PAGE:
"I understand the question, I understand the concerns, but it's about the script. It's about the integrity of the script that will hopefully hold the story together. It's not about the fact that the actresses are of a Hollywood stature. They are actresses and I believe you have to find the right actress who doesn't just physically resemble Milada, and that is important if you are describing a biographical character, but also an actress who is capable technically of fulfilling the role."
Are you ready for potential critics from the Czech Republic who might ask - why should a director in his late twenties, who no longer lives in this country, be allowed to make this story, which is so intertwined with our history?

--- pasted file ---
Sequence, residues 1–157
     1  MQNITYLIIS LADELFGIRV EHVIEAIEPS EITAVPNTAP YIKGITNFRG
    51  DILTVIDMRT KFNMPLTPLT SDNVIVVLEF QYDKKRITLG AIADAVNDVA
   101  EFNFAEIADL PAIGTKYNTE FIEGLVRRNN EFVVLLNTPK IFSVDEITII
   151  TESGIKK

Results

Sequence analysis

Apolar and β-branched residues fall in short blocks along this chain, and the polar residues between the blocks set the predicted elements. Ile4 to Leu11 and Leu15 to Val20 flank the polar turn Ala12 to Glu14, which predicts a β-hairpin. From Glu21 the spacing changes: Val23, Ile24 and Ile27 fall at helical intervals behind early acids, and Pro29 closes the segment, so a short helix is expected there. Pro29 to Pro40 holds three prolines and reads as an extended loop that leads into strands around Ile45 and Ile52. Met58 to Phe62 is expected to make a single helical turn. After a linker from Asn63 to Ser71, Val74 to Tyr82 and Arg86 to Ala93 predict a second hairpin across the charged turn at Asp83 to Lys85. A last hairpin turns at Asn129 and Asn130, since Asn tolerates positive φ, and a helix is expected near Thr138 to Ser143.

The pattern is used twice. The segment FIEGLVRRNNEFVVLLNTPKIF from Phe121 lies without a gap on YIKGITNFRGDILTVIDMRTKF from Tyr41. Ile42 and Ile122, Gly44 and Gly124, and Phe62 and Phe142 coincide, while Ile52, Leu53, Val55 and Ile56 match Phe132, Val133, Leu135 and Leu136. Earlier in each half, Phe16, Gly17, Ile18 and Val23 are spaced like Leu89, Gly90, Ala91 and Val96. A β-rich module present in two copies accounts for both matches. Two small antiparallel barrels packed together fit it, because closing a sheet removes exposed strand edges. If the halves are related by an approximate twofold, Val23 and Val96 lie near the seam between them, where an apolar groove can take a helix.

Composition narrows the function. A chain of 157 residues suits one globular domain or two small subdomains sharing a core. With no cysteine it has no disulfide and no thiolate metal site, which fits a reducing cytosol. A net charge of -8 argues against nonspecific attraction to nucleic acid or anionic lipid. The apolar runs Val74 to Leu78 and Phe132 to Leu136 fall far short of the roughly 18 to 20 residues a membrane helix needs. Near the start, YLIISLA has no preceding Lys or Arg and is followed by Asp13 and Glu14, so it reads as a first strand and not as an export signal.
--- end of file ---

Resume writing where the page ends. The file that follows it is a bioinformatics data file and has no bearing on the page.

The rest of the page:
"Well, first of all I was born in Czechoslovakia, the country that doesn't exist any more, but I lived there for eighteen-nineteen years. All of my family members are still in the Czech Republic and I have very close ties to the country and a very good understanding of the history and the culture. But I think it's an advantage to have been brought up in the Czech Republic and then moving on to Australia and being educated in film in a country like Australia, because you do gain a certain perspective on film-making and on world events. And again, this is not a story which is going to be just a historical biography of the Czech Republic. It's really going to be a story about Milada Horakova, who fought her fight, who was an incredible figure in history, who had a lot of passion in her life, for her country, a love for her country. That's what the movie is about. It's more a movie about her than the history of the Czech Republic, or Czechoslovakia, I should say."